They hired my friend Lauren Vanderpool to be their chef, because Lauren was one of the greatest chefs I ever met. Knows so much, really good at preparing food, raw-slash-vegan. And Serena’s number one again. And Venus is playing with power again. And it has to be the food, what these two smart sisters decided they were going fuel their body with.
I know Glen “Big Baby” Davis said he was going vegan.
I had that conversation with Big Baby the year after they won the championship. (Imitates Davis’ voice): “Man, stop, you gotta be kidding me! Yadda yadda.” Then, he realized what it was.
Do you know any other NBA players who have gone vegan, other than Big Baby Davis?
James Jones is vegan.
I didn’t know that. I know he’s a really smart guy.
He’s a really smart guy because he wears my old number, 22.
I don’t know if that’s scientific, John.
It’s scientific, bro! If you wear 22, then you’re a smart guy.
- LeBron James rang up 12 assists in Denver on Thursday night, and was deadly on the kickout to spot-up shooters. The biggest dime of the night came in the closing minute with the game in the balance. James could've played one-on-three against the Nuggets' collapsing defense. Instead, he dished the ball off to Norris Cole who was wide open and drained the shot. What did critics have to say about James' passing up the big shot? Not a thing. What a difference a ring makes.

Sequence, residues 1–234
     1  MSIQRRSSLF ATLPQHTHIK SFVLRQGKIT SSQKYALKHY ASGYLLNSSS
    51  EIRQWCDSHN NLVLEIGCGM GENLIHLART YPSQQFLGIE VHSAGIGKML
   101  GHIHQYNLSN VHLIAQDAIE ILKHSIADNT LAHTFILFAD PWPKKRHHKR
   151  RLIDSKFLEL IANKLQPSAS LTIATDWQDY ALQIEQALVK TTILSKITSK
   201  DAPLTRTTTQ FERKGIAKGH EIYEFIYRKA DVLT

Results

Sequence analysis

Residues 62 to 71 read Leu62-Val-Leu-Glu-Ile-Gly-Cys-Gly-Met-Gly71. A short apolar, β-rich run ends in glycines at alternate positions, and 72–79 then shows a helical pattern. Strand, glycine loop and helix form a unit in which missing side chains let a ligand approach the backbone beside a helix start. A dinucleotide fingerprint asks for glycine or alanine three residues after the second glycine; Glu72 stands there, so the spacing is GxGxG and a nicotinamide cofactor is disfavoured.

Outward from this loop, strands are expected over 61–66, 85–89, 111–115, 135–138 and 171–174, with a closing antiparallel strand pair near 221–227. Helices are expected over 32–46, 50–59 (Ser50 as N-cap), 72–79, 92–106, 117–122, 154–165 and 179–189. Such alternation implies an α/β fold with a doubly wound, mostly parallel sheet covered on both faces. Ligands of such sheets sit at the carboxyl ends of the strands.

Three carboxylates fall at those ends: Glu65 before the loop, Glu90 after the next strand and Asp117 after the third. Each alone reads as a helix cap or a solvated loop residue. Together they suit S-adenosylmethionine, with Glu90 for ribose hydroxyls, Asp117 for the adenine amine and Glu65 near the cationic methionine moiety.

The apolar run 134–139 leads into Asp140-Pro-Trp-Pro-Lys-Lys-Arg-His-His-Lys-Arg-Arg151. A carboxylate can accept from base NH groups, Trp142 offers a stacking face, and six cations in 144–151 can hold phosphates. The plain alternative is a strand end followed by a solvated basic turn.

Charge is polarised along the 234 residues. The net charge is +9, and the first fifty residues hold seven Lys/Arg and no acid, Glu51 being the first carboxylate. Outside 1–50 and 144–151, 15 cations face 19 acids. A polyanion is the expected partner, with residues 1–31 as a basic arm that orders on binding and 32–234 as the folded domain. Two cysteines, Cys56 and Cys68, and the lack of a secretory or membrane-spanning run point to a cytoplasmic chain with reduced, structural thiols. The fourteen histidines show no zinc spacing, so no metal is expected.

- So let's get this straight: The Clippers are without Grant Hill and Chauncey Billups. Chris Paul and Blake Griffin are playing career-low minutes -- and Griffin's overall numbers are down. Lamar Odom has a Player Efficiency Rating that starts with zero. Their backup point guard, nicknamed Mini-LeBron and posting a PER of 22.6, is playing fewer minutes than Willie Green. All the while, the Clippers are killing the competition.
- At the New York Times, Beckley Mason writes that the Boston Celtics provide an interesting template for the Brooklyn Nets.
- Tom Ziller of SB Nation on the Knicks: "I don't get the sense this is a massive house of cards, unlike other teams that blaze off to incredible starts. Among the rotation players, only Smith and Kidd are playing way over their heads, and that's all related to the above-mentioned shooting. Felton has been surprisingly good compared with last season, but it's in line with what he did in his previous half-season in New York. It's not a Mike James bargain with the devil type of start he's having. Ronnie Brewer has always been solid. Rasheed Wallace is ... Rasheed Wallace. Tyson Chandler is elite. Carmelo Anthony is very good. Mike Woodson is criminally underrated as a coach."